The foliage on evergreen perennials remains intact despite frigid weather. So, for the most reliably frost-resistant perennials, choose evergreens suited to sub-zero temperatures. Perennials for U.S. Department of Agriculture plant hardiness zone 2 can survive temperatures down to minus 50 degrees Fahrenheit; perennials for zone 3 can survive temperatures down to minus 40 degrees Fahrenheit; and perennials for zone 4 can survive down to minus 30 degrees Fahrenheit.
1. Pretty Winter Flowers
Perk-up your barren winter landscape with evergreen perennials bearing pretty, winter flowers. Incredibly hardy, early bergenia (Bergenia crassifolia) bear magenta-pink flowers from mid-winter to mid spring in any USDA zone. Ideal as an edging or mass planting, it grows 12 to 23 inches tall. Hybrid hellbore “Double Fashion” (Helleborus Nigercors "Double Fashion") bears white double blossoms from early winter to late spring in USDA zones 4 through 9. Excellent for full to partial shade, it grows 12 to 16 inches tall.
2. Extremely Hardy
Some evergreen perennials are extremely hardy and laugh in the face of frosty weather. Golden nugget ice plant (Delosperma congestum) prefers sandy soil in partial shade and puts out yellow flowers from late spring into early fall. An easy way to beautify unsightly gravel screes, it grows 2 to 3 inches tall in USDA zones 4 through 9. Dwarf orange geum “Werner Arends” (Geum “Werner Arends”) puts out bright-orange flowers from late spring to early summer and deadheading encourages continuing blossoms. It grows 12 to 16 inches tall in USDA zones 2 through 9.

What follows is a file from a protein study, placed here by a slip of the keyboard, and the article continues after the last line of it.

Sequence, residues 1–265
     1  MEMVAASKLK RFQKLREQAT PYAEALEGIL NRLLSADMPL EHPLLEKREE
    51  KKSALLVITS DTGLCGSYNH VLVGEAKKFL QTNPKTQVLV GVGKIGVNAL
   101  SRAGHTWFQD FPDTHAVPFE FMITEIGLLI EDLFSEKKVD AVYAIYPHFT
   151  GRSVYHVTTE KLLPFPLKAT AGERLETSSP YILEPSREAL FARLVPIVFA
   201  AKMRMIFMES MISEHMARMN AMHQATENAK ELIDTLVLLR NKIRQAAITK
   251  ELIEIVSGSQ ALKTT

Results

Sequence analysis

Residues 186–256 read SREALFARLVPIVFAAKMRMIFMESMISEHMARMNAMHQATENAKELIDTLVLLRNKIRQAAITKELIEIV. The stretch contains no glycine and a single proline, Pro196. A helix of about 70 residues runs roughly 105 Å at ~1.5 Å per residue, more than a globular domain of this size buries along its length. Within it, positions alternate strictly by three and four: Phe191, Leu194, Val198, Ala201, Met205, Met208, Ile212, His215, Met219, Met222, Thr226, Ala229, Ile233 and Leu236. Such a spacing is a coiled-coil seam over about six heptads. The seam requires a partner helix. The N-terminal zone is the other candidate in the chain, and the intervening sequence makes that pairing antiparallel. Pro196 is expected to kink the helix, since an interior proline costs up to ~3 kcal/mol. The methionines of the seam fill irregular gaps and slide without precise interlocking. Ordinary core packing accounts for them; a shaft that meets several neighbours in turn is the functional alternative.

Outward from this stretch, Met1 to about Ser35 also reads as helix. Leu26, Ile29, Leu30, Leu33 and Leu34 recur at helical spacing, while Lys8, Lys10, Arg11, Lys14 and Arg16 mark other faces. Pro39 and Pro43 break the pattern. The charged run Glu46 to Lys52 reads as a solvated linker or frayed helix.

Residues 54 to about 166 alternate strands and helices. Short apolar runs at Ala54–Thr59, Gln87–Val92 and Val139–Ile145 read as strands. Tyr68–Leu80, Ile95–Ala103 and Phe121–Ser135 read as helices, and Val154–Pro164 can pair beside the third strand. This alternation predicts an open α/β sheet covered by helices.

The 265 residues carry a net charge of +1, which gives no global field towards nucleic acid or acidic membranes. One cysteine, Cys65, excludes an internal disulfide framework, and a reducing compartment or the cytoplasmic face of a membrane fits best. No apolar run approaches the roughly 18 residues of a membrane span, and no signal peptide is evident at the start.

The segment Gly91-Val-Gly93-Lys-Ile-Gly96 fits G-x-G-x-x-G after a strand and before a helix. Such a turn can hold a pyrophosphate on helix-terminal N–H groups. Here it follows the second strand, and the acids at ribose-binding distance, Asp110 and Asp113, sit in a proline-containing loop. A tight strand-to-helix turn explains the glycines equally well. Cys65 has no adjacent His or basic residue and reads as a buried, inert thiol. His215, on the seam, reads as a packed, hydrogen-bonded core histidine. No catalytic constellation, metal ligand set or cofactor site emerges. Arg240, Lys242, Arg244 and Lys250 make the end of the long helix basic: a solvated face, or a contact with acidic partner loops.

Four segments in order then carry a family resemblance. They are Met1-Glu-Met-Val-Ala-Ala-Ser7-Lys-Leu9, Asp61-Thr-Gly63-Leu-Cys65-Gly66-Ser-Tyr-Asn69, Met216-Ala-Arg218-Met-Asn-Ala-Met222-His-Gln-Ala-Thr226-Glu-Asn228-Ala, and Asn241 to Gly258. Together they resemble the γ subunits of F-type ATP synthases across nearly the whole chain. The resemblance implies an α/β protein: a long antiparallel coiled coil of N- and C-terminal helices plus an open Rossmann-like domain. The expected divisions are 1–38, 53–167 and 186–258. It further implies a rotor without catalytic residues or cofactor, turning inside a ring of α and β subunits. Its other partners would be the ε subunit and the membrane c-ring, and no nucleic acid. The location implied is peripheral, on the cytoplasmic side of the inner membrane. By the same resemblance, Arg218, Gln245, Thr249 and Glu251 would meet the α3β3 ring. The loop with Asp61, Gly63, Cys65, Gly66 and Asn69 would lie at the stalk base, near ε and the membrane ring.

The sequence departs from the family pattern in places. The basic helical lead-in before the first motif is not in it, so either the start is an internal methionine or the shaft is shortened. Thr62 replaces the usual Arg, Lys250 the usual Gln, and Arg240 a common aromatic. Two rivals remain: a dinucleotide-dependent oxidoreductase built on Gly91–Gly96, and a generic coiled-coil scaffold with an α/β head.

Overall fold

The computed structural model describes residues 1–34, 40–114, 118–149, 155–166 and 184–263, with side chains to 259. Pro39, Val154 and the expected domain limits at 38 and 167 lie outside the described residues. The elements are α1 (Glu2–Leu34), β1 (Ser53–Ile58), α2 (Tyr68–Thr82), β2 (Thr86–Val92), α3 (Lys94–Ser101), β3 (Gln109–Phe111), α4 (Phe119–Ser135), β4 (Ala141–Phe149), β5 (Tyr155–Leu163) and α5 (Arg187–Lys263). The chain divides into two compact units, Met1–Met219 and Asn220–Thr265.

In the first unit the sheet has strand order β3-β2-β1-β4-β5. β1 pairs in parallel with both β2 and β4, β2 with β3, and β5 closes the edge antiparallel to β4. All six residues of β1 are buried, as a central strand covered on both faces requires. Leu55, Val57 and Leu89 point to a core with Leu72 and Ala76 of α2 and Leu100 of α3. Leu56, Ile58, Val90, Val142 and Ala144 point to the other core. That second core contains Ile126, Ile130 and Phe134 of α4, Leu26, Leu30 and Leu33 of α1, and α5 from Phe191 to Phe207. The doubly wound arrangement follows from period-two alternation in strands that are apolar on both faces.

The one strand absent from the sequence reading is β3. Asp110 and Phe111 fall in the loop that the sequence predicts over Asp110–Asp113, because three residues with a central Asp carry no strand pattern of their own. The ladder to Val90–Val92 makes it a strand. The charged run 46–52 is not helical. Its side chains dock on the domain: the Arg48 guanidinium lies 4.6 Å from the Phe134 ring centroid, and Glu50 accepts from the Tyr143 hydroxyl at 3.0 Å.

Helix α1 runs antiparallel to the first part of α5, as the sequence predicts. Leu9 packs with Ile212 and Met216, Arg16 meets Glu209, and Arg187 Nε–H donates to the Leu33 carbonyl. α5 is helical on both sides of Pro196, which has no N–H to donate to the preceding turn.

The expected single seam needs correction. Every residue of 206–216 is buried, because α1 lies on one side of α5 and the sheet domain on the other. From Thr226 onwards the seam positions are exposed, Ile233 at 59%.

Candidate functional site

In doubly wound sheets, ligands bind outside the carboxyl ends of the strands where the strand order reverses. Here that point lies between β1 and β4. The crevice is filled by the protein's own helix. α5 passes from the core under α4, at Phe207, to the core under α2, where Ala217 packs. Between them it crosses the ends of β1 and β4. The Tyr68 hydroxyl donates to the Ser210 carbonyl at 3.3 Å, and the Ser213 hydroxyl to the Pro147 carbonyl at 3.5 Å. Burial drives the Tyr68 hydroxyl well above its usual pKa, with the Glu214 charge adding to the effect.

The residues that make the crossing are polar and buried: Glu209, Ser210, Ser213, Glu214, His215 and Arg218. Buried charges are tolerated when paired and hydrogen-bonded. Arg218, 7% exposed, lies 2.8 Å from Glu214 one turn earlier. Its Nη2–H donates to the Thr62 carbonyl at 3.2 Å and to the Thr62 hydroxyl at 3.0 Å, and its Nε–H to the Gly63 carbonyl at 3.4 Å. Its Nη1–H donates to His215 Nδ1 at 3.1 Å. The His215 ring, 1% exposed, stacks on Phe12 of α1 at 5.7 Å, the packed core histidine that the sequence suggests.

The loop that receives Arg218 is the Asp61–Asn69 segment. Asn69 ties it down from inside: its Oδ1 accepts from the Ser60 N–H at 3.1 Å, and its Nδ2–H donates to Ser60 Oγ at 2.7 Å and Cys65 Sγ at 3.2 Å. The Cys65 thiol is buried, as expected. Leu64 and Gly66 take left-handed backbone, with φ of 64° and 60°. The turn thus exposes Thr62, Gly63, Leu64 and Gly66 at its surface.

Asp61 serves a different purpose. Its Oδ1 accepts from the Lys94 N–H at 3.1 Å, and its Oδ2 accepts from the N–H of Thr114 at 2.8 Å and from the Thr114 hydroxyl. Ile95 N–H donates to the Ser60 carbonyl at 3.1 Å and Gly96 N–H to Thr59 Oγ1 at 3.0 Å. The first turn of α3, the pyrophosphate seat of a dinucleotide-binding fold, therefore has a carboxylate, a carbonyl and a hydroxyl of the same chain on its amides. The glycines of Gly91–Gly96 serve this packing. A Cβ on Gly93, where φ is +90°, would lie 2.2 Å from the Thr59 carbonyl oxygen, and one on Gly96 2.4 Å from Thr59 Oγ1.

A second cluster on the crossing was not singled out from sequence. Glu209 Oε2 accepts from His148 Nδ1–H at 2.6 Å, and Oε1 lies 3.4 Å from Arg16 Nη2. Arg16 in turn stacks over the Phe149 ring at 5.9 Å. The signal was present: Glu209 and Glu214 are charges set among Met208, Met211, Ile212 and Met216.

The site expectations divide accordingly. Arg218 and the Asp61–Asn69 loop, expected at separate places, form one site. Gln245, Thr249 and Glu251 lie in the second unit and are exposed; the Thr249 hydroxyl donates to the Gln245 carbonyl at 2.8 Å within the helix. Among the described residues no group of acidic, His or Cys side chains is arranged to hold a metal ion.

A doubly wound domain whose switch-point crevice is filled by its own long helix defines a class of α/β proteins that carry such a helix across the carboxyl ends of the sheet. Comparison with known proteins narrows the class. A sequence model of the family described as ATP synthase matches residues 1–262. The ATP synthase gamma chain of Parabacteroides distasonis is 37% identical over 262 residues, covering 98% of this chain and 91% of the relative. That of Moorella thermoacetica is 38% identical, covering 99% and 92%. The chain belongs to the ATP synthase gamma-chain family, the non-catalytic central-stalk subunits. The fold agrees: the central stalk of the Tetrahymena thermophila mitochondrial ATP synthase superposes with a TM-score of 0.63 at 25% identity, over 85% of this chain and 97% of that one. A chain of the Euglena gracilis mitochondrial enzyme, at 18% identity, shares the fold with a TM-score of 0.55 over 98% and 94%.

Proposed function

3. Go Ahead, Step On It
These evergreen foot traffic-friendly perennials are so frost-resistant, you can grow them in USDA zones 1 through 9. Pink pussy-toes “Rubra” (Antennaria dioica “Rubra”) is a drought-tolerant perennial displaying deep-pink flowers in late spring to early summer and takes a moderate amount of trampling. Perfect between paving stones and on rock walls, it grows 4 to 6 inches tall. A northern Canada native, arctic phlox (Phlox Borealis) shrugs-off light foot traffic. This drought-tolerant plant displays a carpet of hot-pink flowers from mid- to late spring, grows 2 to 4 inches tall and is just the right choice for rock gardens.
4. Native Ferns for Shade
If you’re looking for reliable and easy perennials to fill a shady space with moist soil, you can’t go wrong with Christmas fern (Polystichum acrostichoides) and leather wood fern (Dryopteris marginalis). An eastern U.S. native, Christmas fern thrives despite hot and humid summers, and grows 12 to 23 inches tall in USDA zones 3 through 9. A northeastern U.S. native, Leather wood fern performs best when cut back in late winter and grows 18 to 23 inches tall in USDA zones 2 through 9. Both native ferns are evergreen in most climates.
- Arbor Day Foundation: USDA Hardiness Zone Changes Between 1990 and 2006
- Perennials.com: Helleborus Nigercors "Double Fashion"
- Perennials.com: Bergenia Crassifolia
- Perennials.com: Geum "Werner Arends"
- Perennials.com: Delosperma Congestum
- Perennials.com: Dryopteris Marginalis
- Perennials.com: Polystichum Acrostichoides
- Perennials.com: Antennaria Dioica "Rubra"
- Perennials.com: Phlox Borealis
- Comstock/Comstock/Getty Images